Upcoming events in June:

 June 5th Pentecost Sunday – Celebrating the birth of the New Testament church. Faith is sparked by Heart & Mind that sets the Soul on fire, are we on fire for God? Let’s wear red.  

June 12th Trinity Sunday – God is always creating (inviting) inclusive community as the one in three God is community. Following the service stay for a special orientation of our denomination, local church history and the ministries of the FCC of Huntley.

June 16th Story & Snack – Right outside the front doors of the church I’ll be reading a story to preschool aged kids with snacks every Thursday @ 10 am through the summer and there might be a song or two to sing.

June 19th Father’s Day – Skip the golf course fellas or at least reserve a later tee time. As we explore being “Men of God” Sometimes being a roaring lion (Competing/leading) other times like a dolphin (collaborating/being a team player).

And Remember I’m happy to visit with you:

A preacher visits an elderly woman from his congregation. As he sits on the couch he notices a large bowl of peanuts on the coffee table. “Mind if I have a few?” he asks.
“No, not at all!” the woman replied.
They chat for an half hour and as the preacher stands to leave, he realizes that instead of eating just a few peanuts, he emptied most of the bowl. “I’m terribly sorry for eating all your peanuts, I really just meant to eat a few.”
“Oh, that’s all right,” the woman says. “Ever since I lost my teeth all I can do is suck the chocolate off them.”

If you would like a visit don’t be shy about asking… and I promise not to eat any of the peanuts.


Pastor Michael

  • Pentecost, June 5, 2022
  • Trinity Sunday, June 12, 2022
  • Flag Day, June 14, 2022
  • Father’s Day, June 19, 2022
  • First day of summer, June 21, 2022


Celebrating the Church’s Birthday

On Pentecost, we remember when the Holy Spirit descended on Jesus’ disciples. As they gathered in Jerusalem 10 days after Jesus’ ascension, they saw tongues of fire, heard rushing wind and began speaking in many languages. Because the disciples could then share the good news with all the pilgrims assembled for the Pentecost festival, the occasion marks the birthday of the Christian church. That day alone, about 3,000 people devoted their lives to Christ.  Like the Holy Spirit, Pentecost is important and relevant today. As theologian Henri Nouwen writes, “Without Pentecost the Christ-event — the life, death and resurrection of Jesus — remains imprisoned in history as something to remember, think about and reflect on. The Spirit of Jesus comes to dwell within us, so that we can become living Christs here and now.”

The Church Hive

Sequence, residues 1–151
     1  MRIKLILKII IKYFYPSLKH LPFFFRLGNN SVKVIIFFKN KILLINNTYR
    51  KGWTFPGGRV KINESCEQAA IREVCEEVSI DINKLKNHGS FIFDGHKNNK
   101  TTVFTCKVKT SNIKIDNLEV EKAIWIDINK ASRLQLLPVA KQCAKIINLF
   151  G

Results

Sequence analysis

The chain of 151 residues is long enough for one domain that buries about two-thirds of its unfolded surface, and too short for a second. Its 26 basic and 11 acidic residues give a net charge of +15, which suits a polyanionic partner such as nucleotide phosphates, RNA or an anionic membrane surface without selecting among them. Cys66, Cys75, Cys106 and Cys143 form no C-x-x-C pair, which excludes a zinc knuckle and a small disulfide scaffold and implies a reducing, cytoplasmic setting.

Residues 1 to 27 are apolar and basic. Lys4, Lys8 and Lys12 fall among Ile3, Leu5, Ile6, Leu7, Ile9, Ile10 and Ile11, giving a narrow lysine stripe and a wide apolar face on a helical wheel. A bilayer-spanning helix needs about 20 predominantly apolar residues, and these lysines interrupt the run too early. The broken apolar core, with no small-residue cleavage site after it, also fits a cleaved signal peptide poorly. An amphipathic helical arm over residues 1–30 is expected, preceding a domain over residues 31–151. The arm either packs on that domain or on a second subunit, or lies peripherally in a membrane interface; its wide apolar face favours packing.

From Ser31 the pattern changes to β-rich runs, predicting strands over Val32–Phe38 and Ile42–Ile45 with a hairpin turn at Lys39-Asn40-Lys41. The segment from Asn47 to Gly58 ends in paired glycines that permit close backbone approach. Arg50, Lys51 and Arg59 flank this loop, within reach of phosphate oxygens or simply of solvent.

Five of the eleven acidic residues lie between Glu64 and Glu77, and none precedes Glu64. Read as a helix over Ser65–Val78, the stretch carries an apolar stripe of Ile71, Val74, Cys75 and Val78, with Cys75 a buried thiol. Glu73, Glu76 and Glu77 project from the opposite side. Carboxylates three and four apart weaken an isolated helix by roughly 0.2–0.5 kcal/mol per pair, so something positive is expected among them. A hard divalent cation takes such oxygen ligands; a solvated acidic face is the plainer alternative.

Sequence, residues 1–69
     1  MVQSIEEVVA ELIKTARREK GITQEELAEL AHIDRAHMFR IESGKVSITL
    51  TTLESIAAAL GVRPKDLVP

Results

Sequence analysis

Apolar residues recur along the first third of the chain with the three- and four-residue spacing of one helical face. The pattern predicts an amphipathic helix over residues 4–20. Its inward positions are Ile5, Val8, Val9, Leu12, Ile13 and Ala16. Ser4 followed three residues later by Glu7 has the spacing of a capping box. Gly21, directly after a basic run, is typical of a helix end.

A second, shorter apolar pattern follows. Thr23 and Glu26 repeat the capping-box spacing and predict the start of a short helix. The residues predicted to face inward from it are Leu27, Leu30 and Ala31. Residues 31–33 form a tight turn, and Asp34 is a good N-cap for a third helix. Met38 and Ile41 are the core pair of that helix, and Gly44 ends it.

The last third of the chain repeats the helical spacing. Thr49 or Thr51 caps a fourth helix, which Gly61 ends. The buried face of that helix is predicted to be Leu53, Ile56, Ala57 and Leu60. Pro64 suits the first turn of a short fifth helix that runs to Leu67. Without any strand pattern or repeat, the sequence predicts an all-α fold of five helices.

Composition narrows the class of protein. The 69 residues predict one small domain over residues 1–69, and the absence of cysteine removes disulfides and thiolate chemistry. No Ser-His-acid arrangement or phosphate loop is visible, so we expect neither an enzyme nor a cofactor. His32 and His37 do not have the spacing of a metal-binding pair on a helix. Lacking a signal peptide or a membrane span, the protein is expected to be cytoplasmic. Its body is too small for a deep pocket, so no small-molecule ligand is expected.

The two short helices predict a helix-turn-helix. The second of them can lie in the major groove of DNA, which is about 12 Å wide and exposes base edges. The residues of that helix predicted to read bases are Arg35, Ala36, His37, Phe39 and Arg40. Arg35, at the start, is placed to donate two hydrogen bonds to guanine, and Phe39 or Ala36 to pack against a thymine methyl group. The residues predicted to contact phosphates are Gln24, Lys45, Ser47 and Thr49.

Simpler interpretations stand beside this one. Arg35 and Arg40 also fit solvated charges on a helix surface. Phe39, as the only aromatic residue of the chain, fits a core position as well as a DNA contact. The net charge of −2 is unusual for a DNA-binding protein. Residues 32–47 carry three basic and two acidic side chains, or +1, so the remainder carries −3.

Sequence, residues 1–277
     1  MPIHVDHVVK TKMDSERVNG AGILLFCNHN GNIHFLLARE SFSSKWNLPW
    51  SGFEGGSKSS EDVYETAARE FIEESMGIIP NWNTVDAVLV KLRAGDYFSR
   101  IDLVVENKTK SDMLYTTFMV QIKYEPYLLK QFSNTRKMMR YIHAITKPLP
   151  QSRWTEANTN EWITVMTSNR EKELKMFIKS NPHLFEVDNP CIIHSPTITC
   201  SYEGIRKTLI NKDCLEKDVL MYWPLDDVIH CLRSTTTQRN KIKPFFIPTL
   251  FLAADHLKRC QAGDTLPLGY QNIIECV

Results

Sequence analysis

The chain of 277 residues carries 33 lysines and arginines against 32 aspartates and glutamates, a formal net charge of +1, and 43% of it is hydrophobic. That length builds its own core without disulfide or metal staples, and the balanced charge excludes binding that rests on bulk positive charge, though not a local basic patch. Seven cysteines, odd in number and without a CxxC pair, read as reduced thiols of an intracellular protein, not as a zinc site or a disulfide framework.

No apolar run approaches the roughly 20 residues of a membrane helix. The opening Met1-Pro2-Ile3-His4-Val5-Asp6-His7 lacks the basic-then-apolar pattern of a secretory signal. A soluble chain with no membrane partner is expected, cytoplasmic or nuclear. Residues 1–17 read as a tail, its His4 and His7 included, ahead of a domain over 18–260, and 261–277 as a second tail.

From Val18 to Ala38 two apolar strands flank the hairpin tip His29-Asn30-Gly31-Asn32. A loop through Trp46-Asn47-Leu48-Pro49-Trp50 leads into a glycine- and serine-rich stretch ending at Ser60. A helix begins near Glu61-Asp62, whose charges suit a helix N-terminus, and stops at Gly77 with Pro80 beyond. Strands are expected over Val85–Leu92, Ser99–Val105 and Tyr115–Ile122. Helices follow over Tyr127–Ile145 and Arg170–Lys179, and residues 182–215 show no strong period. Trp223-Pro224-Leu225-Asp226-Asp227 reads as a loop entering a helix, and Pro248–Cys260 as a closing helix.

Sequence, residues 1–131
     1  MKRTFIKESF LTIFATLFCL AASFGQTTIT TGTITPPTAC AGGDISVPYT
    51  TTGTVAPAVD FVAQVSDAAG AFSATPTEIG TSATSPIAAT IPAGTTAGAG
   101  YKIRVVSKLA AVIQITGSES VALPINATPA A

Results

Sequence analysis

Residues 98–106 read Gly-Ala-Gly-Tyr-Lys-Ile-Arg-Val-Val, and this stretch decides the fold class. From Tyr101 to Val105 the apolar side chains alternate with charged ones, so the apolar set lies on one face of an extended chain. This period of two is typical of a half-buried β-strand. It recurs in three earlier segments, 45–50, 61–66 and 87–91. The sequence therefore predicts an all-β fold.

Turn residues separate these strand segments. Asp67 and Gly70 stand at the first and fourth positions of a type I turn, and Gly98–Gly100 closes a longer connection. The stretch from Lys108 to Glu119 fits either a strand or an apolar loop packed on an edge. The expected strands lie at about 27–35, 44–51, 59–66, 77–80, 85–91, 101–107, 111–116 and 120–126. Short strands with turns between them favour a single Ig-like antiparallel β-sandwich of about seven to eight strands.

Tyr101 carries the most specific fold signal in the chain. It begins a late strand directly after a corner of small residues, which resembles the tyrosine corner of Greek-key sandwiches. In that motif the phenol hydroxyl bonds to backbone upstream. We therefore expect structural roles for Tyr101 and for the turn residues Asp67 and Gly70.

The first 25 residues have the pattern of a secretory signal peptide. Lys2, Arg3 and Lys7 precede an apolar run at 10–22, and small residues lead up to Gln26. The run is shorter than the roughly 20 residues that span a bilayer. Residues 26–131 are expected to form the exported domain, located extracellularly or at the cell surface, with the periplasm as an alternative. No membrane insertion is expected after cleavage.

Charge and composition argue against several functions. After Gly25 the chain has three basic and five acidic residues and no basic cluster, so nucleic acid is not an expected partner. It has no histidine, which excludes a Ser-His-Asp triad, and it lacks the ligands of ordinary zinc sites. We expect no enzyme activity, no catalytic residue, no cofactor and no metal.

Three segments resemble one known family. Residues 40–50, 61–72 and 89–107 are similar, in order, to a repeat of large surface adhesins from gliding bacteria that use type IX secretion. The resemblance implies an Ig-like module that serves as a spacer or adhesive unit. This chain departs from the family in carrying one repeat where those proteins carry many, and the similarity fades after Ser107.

Bees live in a cooperative way described as “eusociality,” or good relations. Each bee contributes a specific skill to the colony, synchronizing its efforts for the benefit of all. Likewise, a church’s health depends on all members fulfilling their responsibility to the organism as a whole. Descriptions of hive life mirror Paul’s words about the body of Christ, with members having different gifts “but the same Spirit” (1 Corinthians 12:4).  According to R.S. Beal Jr., who was both a pastor and a zoology professor, a beehive is the perfect “living illustration of how to walk in unity.” He wrote, “Those of us who have believed in Jesus belong to one another just as much as we belong to Christ. We cannot live independently of one another anymore than we can live independently of Christ. Like the bees, we must learn to practice the sacrifice, labor, sharing, and submission of love that together we ‘may grow up into him in all things, which is the head, even Christ’” (Ephesians 4:15, KJV). How are you using your own spiritual gifts to build up your church “hive”?

That’s Father!

Now I think of all achievements ’tis the least
To perpetuate the species; it is done
By the insect and the serpent, and the beast.
But the man who keeps his body, and his thought,
Worth bestowing on an offspring love-begot,
Then the highest earthly glory he has won,
When in pride a grown-up daughter or a son
Says “That’s Father.” —from “Father,” by Ella Wheeler Wilcox

Grateful People are Joyful People

In a 2013 TED Talk, David Steindl-Rast says many people think happiness leads to gratefulness. “Think again,” he says. “Is it really the happy people that are grateful? We all know … people who have everything it [takes] to be happy, and they are not happy, because they want something else or they want more of the same. And we all know people who have lots of misfortune [yet] are deeply happy. … Why? Because they are grateful. So it is not happiness that makes us grateful. It’s gratefulness that makes us happy.”

We must be cautious: Depression is a real illness, and therapy or medicine may be necessary to help us feel “happy” and enjoy life again. Also, “joy” is perhaps a more fitting word than “happiness”; happiness can be fleeting and superficial, while joy is heart-deep and abiding. In Jesus, even when we’re sad or struggling or fearful, we can have joy — the confidence that God holds us in his arms. And for that, we can be grateful. Indeed, Steindl-Rast concludes, “Grateful people are joyful people.”

A Standup Guy

During the pandemic, a Maryland man used “dad jokes” to lift neighbors’ spirits. Tom Schruben jotted down a joke-of-the-day on a curbside whiteboard. Hearing people chuckle and chat eased the isolation.  Schruben and his wife, Ann, became intentional about seeking joy after two of their children died. They vowed to “find happiness again” and share it. For Father’s Day last year, Schruben held a Bad Dad Joke contest, donating entry fees to a local charity. Here are a few of his favorites:

  • If two vegans get into an argument, is it still considered a beef?
  • I ordered a chicken and an egg from Amazon. I’ll let you know.
  • What do you call a bear with no teeth? A gummy bear.